The FCC’s newly adopted rules aim to ensure freedom and openness, but face appropriations hurdles.
Substantive disagreements over Internet regulation cannot be kept out of the current appropriations battle in Congress. One version of a FY 2011 appropriations bill recently approved by the House included language that would prohibit the Federal Communications Commission (FCC) from using any of its funding to implement its recently issued “network neutrality” regulations.
The FCC’s regulations, adopted on December 21, 2010, purport to “preserve the Internet as an open network enabling consumer choice, freedom of expression, user control, competition and the freedom to innovate.” They attempt to accomplish these goals in five main ways.
First, broadband (cable or DSL) Internet service providers must disclose to the public information about how they manage their networks, the performance of these networks, and various commercial terms for network services.
Second, subject only to “reasonable” restrictions needed to manage their networks, broadband Internet service providers may not block users from accessing or using any otherwise lawful applications or content, and they may not block the use of any lawful devices.
Third, broadband Internet service providers may not discriminate “unreasonably” among users or uses in transmitting traffic through their networks.
Fourth, broadband Internet service providers can “reasonably” alter their services to ease traffic congestion, to address harmful traffic, or to comply with other laws such as those requiring priority for emergency responder communications or blocking of transmission of child pornography.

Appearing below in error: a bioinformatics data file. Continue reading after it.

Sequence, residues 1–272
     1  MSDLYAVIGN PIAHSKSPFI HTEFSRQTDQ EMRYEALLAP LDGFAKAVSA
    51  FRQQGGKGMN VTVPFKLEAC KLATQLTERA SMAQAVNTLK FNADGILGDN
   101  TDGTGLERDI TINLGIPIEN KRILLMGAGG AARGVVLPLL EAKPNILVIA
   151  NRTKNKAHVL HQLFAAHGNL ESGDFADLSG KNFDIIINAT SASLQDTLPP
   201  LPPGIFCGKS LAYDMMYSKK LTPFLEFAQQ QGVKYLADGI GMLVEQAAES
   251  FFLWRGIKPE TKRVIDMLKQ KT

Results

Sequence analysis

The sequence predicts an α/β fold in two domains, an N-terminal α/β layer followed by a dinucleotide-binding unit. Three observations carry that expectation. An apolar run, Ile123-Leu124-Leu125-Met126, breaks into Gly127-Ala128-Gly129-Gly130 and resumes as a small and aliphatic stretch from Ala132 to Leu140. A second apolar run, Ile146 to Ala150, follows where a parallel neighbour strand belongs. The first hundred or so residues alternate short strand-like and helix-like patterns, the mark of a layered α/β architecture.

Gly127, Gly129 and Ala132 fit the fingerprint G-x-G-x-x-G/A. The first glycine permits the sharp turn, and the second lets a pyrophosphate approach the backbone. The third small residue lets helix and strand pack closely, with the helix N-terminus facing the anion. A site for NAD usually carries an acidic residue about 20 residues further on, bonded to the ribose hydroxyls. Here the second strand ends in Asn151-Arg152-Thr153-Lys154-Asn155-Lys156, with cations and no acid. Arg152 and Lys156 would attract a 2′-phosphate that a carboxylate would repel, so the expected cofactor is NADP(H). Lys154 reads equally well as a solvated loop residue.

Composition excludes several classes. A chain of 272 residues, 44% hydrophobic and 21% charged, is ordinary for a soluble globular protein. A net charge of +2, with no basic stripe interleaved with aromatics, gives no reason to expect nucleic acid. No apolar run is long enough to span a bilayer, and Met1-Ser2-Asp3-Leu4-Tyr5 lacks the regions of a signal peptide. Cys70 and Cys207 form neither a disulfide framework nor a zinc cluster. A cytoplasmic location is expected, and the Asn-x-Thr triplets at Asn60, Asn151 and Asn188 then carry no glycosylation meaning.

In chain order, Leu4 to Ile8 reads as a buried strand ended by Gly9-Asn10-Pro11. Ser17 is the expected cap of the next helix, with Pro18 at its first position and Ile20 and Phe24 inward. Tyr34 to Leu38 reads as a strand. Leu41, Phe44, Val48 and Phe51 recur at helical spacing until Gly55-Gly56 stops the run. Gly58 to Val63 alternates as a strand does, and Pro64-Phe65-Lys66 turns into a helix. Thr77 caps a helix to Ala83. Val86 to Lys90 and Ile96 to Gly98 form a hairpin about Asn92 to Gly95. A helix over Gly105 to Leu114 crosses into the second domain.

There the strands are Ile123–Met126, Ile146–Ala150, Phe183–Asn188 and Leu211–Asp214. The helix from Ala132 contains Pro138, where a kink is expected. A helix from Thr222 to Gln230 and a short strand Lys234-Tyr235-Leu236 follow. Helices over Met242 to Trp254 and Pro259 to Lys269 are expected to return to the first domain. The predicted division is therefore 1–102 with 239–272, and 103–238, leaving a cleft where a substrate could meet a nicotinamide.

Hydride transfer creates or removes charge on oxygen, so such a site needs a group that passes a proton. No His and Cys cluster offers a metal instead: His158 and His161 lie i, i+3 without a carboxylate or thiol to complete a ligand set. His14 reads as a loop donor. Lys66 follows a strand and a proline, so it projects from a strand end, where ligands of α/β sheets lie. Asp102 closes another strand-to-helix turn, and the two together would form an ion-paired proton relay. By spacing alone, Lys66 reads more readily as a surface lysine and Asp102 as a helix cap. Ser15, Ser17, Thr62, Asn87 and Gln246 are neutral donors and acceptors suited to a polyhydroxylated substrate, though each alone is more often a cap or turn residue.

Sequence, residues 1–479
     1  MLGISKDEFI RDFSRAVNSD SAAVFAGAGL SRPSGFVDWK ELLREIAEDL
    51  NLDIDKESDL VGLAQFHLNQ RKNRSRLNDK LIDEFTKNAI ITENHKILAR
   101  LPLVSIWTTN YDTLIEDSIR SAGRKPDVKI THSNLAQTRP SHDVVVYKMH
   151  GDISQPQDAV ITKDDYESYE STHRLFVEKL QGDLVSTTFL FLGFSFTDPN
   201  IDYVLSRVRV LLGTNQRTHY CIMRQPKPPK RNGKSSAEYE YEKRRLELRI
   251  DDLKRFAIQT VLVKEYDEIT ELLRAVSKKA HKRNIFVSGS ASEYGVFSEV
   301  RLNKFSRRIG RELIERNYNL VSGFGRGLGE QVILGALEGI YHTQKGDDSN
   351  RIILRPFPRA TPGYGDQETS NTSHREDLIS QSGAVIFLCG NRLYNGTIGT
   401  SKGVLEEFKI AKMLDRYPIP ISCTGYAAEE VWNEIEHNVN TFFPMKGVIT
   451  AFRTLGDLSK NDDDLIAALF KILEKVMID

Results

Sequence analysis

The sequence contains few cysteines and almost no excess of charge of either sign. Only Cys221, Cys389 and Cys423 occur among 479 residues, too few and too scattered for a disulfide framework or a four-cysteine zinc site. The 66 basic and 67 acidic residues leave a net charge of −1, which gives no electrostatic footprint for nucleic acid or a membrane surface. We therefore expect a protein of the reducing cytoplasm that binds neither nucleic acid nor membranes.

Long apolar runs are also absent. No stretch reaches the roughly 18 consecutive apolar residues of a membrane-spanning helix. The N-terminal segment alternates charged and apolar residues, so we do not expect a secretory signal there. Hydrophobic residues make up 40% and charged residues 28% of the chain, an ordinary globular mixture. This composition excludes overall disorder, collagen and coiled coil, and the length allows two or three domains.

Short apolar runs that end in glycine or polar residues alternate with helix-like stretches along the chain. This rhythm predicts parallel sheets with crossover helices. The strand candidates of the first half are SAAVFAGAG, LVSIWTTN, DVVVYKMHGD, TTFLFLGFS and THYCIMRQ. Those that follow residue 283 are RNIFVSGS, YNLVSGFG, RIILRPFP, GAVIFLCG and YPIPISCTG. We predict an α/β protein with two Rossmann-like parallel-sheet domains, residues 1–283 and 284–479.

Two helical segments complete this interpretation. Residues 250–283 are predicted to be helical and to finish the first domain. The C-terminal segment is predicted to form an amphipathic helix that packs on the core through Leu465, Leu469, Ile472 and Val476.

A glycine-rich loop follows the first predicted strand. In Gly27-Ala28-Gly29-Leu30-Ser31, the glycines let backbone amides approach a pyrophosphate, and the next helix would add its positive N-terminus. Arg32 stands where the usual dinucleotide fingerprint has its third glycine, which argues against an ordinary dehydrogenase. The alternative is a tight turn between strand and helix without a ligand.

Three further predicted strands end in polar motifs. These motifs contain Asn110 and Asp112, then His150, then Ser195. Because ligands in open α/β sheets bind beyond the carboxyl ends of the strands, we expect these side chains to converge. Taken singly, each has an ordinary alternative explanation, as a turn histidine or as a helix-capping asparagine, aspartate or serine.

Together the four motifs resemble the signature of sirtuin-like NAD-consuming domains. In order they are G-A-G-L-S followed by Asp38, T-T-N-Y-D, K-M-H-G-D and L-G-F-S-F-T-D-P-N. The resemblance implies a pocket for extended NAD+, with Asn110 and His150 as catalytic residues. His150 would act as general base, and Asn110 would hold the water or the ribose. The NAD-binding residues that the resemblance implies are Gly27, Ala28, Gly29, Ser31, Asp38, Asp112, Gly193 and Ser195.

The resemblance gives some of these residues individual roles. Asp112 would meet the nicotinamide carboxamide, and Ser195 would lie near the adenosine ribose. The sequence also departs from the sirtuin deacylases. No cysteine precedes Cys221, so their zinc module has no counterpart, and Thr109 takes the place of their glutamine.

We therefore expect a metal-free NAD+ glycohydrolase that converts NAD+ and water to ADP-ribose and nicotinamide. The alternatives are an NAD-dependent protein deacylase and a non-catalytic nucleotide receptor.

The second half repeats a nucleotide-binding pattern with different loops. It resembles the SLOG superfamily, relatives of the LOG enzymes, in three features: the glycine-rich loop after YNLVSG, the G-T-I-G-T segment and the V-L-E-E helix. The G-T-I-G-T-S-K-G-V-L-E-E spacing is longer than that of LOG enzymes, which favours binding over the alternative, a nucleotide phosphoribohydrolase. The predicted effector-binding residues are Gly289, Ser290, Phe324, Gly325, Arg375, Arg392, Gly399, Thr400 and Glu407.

Finally, the FCC applied its disclosure and basic no-blocking rules to mobile-phone-based broadband Internet service providers. But recognizing that mobile broadband “is at an earlier stage in its development than fixed broadband and is evolving rapidly,” the FCC has decided to allow mobile broadband providers more room, at least for now, to discriminate in Internet traffic.
If some members of Congress have their way, however, the FCC may soon be prevented from implementing its no-blocking rules.
In addition to the possibility of a ban on funding the FCC’s new rules, committees in both the Senate and House are considering legislation that would nullify the rules outright. For a discussion of recent congressional hearings, see the March 11th The Regulatory Review post.
The photograph of the FCC headquarters is used unaltered under a Creative Commons license.